I don’t think it is necessarily an either or response to modernity or postmodern phenomenon – rather I think it is likely both.  However, in  the aspect that is a response to our ‘loss of magic’ and at the same time a response to the chaotic world we currently live in.

I see in Pentecostalism’s rise and growth, strangely, a mirror into our current political moment – in the USA and around the world, where people’s response is often about feelings and (often detached from any basis in reality) beliefs not logical thought, thinking and facts.   The successful politicians in more most recent national elections purveyors of ideas to be sure, but more than that, of powerful emotions: hope, fear, anger.

What do you see when you look at the rise of Pentecostalism and what emotions does it stir within you?

About the Author

mm

Chip Stapleton

Follower of Jesus Christ. Husband to Traci. Dad to Charlie, Jack, Ian and Henry. Preacher of Sermons, eater of ice cream, supporter of Arsenal. I love to talk about what God is doing in the world & in and through us & create space and opportunity for others to use their gifts to serve God and God's people.

11 responses to “Not your father’s Pentecostalism”

  1. Mary Walker says:

    Chip, great engagement with the idea of exploding the myths. I wonder if that is part of the problem with so many groups? We believe the myths instead of trying to go as Miller and Yamamori did and find out what the people are really like.
    In answer to your question – The emotion that arises for me is – relief. It’s about time. I am an eternal optimist. I see the move toward holistic ministry to be a wonderful thing!

  2. Lynda Gittens says:

    Chip I too addressed the myths of the Pentecostal church. I am glad that the authors addressed the issue but I wonder did they take it too far as one to be the lead in the Christianity world?

    At the point in the world, people are barely wearing clothes. I grew up where you dress could not be higher than three inches above the knee. They measured by use getting on our knees and measuring from the floor.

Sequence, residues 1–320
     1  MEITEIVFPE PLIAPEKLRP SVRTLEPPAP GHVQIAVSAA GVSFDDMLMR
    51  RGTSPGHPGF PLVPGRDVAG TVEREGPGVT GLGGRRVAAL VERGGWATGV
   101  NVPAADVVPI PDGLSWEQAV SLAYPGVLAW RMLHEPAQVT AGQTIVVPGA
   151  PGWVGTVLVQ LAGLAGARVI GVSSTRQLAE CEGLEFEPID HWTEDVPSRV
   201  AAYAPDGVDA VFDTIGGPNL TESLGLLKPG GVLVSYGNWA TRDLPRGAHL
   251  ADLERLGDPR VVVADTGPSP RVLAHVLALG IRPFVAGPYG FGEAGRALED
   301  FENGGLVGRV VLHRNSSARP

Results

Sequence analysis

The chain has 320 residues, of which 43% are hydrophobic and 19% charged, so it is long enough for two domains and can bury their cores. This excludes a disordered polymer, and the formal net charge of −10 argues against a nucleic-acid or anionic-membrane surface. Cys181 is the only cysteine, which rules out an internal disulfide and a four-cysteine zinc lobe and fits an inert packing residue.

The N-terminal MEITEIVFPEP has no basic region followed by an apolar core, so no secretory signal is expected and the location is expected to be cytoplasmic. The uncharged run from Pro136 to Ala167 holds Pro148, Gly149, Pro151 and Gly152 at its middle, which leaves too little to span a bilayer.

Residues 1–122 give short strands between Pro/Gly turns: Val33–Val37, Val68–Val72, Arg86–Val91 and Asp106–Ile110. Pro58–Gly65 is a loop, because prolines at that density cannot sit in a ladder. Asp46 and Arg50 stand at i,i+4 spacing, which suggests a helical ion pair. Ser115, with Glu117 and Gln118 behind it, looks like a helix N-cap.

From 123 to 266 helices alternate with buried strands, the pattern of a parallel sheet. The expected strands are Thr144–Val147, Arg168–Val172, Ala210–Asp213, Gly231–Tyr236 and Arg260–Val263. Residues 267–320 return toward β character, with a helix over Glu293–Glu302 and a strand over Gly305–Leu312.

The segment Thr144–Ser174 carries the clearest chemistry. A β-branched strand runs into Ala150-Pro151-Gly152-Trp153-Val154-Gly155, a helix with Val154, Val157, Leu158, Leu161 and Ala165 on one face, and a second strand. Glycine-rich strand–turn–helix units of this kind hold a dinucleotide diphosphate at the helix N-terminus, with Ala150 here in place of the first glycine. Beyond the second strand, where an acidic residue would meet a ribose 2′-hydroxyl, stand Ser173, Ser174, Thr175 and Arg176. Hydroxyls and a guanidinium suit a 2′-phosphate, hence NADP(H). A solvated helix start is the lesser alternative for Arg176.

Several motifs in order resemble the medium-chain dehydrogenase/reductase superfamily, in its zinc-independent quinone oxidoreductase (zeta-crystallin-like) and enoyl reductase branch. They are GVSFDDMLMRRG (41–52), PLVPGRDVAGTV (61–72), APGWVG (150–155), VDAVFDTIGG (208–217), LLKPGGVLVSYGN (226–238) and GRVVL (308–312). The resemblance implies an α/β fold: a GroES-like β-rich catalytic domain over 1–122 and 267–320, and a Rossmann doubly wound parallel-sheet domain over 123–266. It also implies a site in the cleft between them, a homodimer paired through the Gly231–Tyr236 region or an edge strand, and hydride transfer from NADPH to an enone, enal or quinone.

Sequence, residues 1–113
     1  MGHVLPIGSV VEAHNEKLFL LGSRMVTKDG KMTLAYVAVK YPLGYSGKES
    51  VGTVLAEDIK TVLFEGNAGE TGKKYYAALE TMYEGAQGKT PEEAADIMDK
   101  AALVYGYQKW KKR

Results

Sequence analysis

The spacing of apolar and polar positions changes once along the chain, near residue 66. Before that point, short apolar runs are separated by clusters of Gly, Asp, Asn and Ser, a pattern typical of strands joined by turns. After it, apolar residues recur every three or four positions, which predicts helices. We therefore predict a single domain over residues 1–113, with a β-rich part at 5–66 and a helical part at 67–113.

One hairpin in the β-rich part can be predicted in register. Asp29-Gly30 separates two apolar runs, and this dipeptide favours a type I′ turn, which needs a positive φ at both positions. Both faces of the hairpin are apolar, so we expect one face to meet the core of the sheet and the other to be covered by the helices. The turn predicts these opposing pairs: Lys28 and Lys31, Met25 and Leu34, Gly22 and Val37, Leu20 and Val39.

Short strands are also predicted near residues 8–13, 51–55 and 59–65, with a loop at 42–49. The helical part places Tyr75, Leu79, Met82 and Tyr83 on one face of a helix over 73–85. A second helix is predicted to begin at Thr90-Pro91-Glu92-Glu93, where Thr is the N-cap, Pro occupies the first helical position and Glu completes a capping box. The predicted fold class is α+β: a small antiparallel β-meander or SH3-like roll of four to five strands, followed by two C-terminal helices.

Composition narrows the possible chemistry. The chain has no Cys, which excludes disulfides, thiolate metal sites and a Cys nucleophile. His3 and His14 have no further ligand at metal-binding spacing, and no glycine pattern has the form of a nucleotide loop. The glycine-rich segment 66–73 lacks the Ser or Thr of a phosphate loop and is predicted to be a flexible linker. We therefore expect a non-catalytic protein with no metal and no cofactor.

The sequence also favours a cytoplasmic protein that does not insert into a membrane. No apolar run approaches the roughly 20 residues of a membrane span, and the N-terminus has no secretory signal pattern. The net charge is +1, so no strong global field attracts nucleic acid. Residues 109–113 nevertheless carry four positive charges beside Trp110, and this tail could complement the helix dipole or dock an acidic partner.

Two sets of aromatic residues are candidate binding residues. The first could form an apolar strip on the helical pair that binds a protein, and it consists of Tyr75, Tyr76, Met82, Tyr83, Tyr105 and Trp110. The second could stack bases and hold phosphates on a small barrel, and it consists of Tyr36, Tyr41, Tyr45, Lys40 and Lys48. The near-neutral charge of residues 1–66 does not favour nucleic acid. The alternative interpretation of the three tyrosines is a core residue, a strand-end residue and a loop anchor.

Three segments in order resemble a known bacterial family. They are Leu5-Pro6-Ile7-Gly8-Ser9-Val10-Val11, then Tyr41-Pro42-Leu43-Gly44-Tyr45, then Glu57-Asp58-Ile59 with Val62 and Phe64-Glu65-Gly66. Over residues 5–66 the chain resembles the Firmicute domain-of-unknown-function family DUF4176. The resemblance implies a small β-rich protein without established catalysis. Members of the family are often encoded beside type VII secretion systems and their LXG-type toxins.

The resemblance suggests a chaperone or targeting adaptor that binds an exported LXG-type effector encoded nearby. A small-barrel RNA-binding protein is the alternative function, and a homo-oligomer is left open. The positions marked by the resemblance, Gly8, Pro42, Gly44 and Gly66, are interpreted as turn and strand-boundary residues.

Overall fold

3. Stu Cocanougher says:

    “I see in Pentecostalism’s rise and growth, strangely, a mirror into our current political moment – in the USA and around the world, where people’s response is often about feelings and (often detached from any basis in reality) beliefs not logical thought, thinking and facts. ”

    If Pentecostalism was limited to Bennie Hinn and other televangelists like him, I might agree with your above statement.

    Yet, I do not think that most Pentecostal Christian’s beliefs are in opposition to “logical thought, thinking, and facts.” I believe that there are many Pentecostals who are trying to live out the teaching of scripture through the power of the Holy Spirit. They have embraced the Holy Spirit while many Christians ignore Him.

    One of my favorite books on the Holy Spirit is “Forgotten God” by Francis Chan. This book does a good job of confronting the fact that many denominations, like mine, have reacted to the Charismatic movement by devaluing one third of the Trinity.

    • Stu,
      Based on your – and a few of our other cohort’s responses, it is clear to me that I didn’t communicate my thought here very well at all.
      While I have some very negative thoughts about our current political moment – and do think that a lot of people’s decisions go against logical thought – I didn’t mean to extend that disdain to the Pentecostal movement generally.
      You highlight some that might fit the bill (Benny Hinn, etc.) but that is, as we all know, is not truly representative of what it means to be Pentecostal.
      The connection for me was in the importance of feeling and emotion, the willing embrace of expressiveness.
      I come from a tradition that places a great deal of emphasis on education and theological depth in preaching is a hallmark of our denomination (preaching quality is a completely different story, however 🙂
      I have always really appreciated that, I still do. But I do think that focus has often come at the cost of ignoring the feelings and emotions that are a part of an engaging worship service (warm as our authors described it) and as you point out with Chan – we have often forgotten the Spirit, much to our detriment.

      • Stu Cocanougher says: